At the top of the ladder hangs the Big Existential Question, suspended between heaven and earth, its eyes always looking up, around, down, behind, and sometimes even beyond, seeking answers to questions the human race had been racking its mind over for centuries. My daughter had not asked me, yet, any Big Question, and even though she already uses the exclamation “Oh, my God!” she had never asked me any God question, either. However, in spite of her cheerful disposition and total avoidance of anything scary, i.e., spiders, hair on the bathroom floor, dark rooms, barking dogs, and all Disney movies, I know that she would soon arrive at those questions, and what am I supposed to do?

My initial reaction is to procrastinate, evade, and lie. When our ninety-six-year-old neighbor died on the early morning of Mother’s Day I chickened out and told my daughter that Francis went to live with her relatives because she was too tired to go up and down the stairs. It did not feel good to deceive her, but it postponed the moment I had to deal with The Big Questions. I clearly remembered how scared I was when I first found out that this fun thing called “life” was not eternal and that everything alive was going to be dead one day, including my parents, my puppy, the fish in the aquarium, and even myself. I started to obsess about everything I touched, ate, saw, and even smelled. Is it going to poison me? Am I going to die now? And then what?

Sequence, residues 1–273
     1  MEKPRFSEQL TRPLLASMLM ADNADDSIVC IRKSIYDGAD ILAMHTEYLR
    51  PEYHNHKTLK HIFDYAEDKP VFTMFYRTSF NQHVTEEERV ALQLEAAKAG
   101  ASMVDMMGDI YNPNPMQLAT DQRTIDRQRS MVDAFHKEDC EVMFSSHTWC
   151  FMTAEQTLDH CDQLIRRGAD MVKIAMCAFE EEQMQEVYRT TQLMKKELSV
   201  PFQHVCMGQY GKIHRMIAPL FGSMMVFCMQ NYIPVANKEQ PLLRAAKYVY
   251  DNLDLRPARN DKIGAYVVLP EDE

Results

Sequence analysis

I was afraid my daughter would have to go through the same turmoil. I wanted to protect her, to let her be all grown up and brave when she heard the bad news, so I did not rush to tell her the truth. Then my father died.